Day Trading the Index Futures - How to Judge Good EntriesWritten by Mike Reed
Continued from page 1
market. Here's why. Usually, if you chase market for your entry, you'll get filled about same time crowd's emotion is exhausted. The market will pull back and you'll have to get out immediately (if you're smart). On other hand, if you're stubborn and you don't get out immediately, you'll have to suffer through pullback and *hope* that trend continues before your stop is hit. If market gets close to your stop, you'll be tempted to move stop away just a little bit. Once you give in to temptation, you've got an expensive trading habit that may eventually take you out of business.
Whenever you find yourself *hoping* that market will come back and get you out of a bad position, you really have to head for exits *now*. Don't even think about commission, or all time you spent waiting for setup. just get out.
QUESTION: What if there is no pullback?
If market breaks through support and keeps going down without a pullback, you just have to be a pro and let it go. All lost opportunity in world won't take your account balance down, but chasing high-risk, low-probability entries will cost you.
Mike Reed is author of TradeStalker's RBI Trader's Updates. He has been trading the Market for 23 years. His support and resistance numbers have been published on the internet since 1996. Mike's nightly support and resistance zones are specific and incredibly accurate. He offers an unlimited free trial of his nightly TradeStalker RBI Trader's Updates. http://www.TradeStalker.com Copyright 2005 Mike Reed
Home Equity Line of Credit – Great for Remodeling ProjectsWritten by Charles Essmeier
Continued from page 1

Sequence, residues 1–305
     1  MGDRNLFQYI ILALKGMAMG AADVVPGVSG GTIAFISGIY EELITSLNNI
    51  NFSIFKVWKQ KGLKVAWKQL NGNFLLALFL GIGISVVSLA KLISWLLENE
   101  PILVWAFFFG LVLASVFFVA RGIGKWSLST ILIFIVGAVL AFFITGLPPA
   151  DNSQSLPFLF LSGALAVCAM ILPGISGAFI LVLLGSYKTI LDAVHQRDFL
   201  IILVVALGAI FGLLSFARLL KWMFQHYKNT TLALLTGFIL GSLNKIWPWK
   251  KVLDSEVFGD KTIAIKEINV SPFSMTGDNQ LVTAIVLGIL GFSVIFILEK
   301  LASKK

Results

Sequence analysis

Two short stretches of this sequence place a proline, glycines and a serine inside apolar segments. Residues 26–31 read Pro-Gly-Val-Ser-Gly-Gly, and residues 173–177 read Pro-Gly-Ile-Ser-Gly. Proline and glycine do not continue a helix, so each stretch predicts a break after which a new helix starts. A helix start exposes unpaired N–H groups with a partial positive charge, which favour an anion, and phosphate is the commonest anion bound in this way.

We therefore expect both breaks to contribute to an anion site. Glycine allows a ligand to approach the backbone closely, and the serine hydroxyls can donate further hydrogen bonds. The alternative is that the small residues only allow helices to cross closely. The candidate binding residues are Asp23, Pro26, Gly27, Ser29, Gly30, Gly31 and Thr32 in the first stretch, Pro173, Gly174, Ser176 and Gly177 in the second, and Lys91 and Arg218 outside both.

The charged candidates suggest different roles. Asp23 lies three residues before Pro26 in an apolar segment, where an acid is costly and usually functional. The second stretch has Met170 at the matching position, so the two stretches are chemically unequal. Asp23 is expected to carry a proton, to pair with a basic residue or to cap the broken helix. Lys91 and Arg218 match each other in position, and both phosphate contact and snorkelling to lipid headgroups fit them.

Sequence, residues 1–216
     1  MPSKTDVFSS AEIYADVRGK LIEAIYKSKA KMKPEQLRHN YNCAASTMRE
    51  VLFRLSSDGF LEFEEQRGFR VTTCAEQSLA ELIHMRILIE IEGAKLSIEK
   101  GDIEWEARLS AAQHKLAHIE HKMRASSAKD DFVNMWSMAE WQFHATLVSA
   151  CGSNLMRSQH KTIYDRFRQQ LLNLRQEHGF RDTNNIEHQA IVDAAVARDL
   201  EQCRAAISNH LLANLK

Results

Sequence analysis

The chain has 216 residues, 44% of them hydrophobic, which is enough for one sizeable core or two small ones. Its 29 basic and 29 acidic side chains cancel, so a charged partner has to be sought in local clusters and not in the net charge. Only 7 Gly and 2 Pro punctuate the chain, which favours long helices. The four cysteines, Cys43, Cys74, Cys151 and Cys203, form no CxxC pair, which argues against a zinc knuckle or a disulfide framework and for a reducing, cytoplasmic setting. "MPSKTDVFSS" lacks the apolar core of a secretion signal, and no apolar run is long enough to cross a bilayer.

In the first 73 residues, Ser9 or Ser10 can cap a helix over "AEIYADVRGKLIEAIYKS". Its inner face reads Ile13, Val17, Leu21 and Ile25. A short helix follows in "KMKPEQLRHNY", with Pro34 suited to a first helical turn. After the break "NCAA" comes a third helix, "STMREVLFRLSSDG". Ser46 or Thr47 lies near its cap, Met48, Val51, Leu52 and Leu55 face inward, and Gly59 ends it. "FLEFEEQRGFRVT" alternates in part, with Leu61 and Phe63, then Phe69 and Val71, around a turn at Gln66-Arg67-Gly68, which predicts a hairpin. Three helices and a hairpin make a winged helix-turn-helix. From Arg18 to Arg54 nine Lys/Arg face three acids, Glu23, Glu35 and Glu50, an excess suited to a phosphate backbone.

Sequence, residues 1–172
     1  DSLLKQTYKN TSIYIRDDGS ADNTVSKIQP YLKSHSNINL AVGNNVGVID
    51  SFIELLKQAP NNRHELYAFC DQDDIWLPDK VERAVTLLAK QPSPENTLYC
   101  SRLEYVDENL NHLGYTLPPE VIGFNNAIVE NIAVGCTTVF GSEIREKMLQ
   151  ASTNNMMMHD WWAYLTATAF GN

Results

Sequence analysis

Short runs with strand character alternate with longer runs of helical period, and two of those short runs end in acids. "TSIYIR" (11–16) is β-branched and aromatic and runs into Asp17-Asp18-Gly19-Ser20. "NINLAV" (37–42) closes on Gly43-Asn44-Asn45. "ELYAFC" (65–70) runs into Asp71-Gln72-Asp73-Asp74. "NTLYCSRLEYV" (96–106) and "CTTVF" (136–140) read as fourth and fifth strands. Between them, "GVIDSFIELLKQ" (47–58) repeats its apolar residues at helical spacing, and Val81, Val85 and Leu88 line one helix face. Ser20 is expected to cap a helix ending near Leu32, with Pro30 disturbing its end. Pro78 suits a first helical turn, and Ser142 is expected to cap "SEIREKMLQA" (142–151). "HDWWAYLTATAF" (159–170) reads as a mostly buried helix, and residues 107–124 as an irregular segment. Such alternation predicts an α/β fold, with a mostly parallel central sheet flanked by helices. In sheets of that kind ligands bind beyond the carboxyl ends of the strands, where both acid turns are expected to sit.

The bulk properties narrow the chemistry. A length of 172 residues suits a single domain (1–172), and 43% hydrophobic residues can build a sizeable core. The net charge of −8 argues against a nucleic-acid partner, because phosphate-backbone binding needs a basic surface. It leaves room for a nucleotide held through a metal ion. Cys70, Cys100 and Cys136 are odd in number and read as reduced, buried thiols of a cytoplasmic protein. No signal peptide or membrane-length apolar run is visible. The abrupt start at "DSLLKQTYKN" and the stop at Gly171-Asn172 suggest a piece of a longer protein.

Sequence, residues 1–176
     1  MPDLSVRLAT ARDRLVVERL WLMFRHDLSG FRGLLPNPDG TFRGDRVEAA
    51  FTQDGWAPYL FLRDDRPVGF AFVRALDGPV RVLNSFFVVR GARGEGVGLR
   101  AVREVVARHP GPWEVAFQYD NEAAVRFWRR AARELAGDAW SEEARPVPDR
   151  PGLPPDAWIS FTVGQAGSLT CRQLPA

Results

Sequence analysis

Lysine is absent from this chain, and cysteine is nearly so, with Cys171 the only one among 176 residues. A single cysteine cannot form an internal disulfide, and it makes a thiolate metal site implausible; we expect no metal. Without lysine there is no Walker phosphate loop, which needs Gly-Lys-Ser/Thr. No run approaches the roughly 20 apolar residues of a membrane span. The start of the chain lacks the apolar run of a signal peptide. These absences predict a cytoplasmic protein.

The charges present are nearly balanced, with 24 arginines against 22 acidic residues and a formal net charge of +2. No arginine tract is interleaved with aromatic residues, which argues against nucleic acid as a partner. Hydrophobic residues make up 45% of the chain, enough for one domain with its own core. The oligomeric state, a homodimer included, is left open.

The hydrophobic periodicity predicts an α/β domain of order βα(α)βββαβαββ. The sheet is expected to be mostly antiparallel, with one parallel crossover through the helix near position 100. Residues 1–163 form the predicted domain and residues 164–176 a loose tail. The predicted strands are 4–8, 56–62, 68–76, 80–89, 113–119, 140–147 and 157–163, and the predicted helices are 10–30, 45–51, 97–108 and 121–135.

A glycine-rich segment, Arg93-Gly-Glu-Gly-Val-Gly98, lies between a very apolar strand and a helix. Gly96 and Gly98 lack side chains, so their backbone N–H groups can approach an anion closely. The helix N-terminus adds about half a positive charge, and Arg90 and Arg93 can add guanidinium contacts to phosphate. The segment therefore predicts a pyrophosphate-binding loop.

lime green carpet, and smiley face wallpaper, you may be looking at a remodeling project of indeterminate duration. For such a project, a better financing choice would be a home equity line of credit, or HELOC. A line of credit offers greater flexibility, both in interest rates and repayment terms, than a traditional line of credit. The loan amount is based on amount of equity in home, but funds aren’t dispersed all at once. Instead, borrower is given a checkbook, a special credit card, or both and can use them to draw upon funds at his or her leisure. Payments only apply when money is actually borrowed, and repayment plans can be arranged with both fixed and adjustable interest rates, depending on lender. This is ideal financing for someone who has purchased a fixer-upper home that needs a variety of changes, repairs, or modifications. The credit card can easily be used to purchase paint, drapes, flooring, appliances or whatever homeowner requires to make home fit their needs.
If you just need to hire a contractor to add a gameroom to your home, a traditional home equity loan would work well. For ongoing projects with indefinite timeframes and budgets, a home equity line of credit may be best choice.
©Copyright 2005 by Retro Marketing. Charles Essmeier is the owner of Retro Marketing, a firm devoted to informational Websites, including End-Your-Debt.com, a Website devoted to debt consolidation and credit counseling information and HomeEquityHelp.net, a site devoted to information on mortgages and home equity loans.